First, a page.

- What is the sale to the cut?
- Tenants' right of first refusal at a cut-out sale
- Cutting sale: tenants have a period of 6 years or can buy the house
More and more institutional backers (such as banks and insurance companies), private property companies or private individuals want to sell their rental assets, given real estate prices.
What is the sale to the cut?
Cutting means that a landlord wishes sell in block his building whose apartments are usually occupied by tenants. Once the building is resold, the new purchaser will in turn resell lot by lot to private investors, individuals wishing to acquire property, or tenants already present in the building, if they wish.
Tenants' right of first refusal at a cut-out sale
At a cut-up sale, the tenant's fate depends on several parameters. They can buy the home they occupy or obtain an extension of their lease in two ways:
- If the sale concerns a condominium composed of less than 5 dwellings, the landlord is not obliged to offer housing for sale in priority to tenants already in place.
- If the sale concerns a condominium composed of more than 5 dwellings, the tenant benefits from this right of pre-emption allowing him to be a priority to buy the housing he occupies, if he wishes.
Cutting sale: tenants have a period of 6 years or can buy the house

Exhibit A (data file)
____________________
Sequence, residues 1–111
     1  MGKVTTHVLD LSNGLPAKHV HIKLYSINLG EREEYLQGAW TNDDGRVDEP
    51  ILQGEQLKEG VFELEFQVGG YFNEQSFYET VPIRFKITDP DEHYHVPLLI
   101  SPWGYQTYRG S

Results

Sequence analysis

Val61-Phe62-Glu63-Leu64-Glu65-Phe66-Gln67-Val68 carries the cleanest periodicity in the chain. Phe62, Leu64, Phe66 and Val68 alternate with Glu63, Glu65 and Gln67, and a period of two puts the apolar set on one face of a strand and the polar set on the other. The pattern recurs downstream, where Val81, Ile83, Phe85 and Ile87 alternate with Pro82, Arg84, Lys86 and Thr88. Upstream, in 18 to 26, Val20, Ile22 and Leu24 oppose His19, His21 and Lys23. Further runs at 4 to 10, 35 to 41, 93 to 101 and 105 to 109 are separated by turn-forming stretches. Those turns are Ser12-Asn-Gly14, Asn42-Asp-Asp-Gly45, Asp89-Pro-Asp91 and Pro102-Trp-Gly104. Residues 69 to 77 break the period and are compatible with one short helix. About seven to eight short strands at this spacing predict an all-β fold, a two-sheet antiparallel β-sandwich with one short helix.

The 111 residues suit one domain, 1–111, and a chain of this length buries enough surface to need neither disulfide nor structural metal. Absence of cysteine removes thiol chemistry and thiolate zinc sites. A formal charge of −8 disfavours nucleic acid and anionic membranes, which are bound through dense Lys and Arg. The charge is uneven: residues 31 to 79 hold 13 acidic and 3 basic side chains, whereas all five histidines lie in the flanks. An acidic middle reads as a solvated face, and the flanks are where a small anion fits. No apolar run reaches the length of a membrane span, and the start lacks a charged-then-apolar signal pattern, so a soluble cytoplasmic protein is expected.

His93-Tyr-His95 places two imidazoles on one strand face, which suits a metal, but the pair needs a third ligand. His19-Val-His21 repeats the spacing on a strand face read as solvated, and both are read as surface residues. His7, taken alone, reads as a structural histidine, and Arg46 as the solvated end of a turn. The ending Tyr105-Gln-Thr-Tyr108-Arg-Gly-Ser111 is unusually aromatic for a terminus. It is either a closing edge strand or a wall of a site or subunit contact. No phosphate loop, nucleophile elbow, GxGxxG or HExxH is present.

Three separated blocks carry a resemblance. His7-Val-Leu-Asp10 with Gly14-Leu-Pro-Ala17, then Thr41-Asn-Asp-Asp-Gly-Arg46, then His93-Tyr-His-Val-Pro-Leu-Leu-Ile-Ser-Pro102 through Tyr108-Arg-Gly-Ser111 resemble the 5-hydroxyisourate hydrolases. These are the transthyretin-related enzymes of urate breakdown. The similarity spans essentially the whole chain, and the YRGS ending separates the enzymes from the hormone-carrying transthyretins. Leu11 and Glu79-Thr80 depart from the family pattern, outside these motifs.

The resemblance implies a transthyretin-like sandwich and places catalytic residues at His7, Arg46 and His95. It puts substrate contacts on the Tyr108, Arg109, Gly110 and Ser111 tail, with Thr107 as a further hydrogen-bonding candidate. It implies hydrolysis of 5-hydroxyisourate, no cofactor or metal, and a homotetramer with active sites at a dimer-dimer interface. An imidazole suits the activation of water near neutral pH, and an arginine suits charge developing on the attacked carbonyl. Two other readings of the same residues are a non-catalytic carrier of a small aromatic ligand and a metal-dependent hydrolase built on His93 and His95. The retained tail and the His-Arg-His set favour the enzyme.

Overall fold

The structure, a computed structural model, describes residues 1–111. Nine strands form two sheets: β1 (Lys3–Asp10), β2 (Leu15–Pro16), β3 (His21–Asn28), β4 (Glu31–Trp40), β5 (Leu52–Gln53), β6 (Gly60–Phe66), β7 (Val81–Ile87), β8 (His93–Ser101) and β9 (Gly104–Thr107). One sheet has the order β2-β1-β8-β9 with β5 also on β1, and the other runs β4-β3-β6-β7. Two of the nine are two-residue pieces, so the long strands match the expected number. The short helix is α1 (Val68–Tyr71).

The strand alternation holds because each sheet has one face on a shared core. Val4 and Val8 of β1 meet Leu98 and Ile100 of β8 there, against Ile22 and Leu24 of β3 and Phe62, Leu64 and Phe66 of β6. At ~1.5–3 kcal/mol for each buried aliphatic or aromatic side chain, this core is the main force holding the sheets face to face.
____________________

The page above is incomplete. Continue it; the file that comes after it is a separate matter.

When the seller is preparing to sell a block of flats with more than five dwellings, he has the obligation to question the potential buyer about his intentions vis-à-vis the tenants when he sells to the cutting:
- The potential buyer can commit to extend leases by six years tenants present, this period running from the signing of the final deed of sale. Since this is a building with more than 5 units, tenants will have a pre-emption right, but if they refuse to buy their home they will be able to stay there for six years. If they agree to buy the home, they will have two months to sign the final deed of sale, or four months if they need a loan from the bank.
- If the potential buyer does not wish to commit to extending the six-year leases, the homeowner must first offer the homes for sale to existing tenants. This means that the owner-lessor will have to sell himself to the cut. He must therefore send an offer of sale to each tenant, which will remain valid for 4 months. At the end of this period, if the tenants accept the proposal, they will then have 2 months to sign the final deed of sale, or 4 months if they need a loan from the bank. If renters refuse the offer, the landlord can then sell the units to third parties.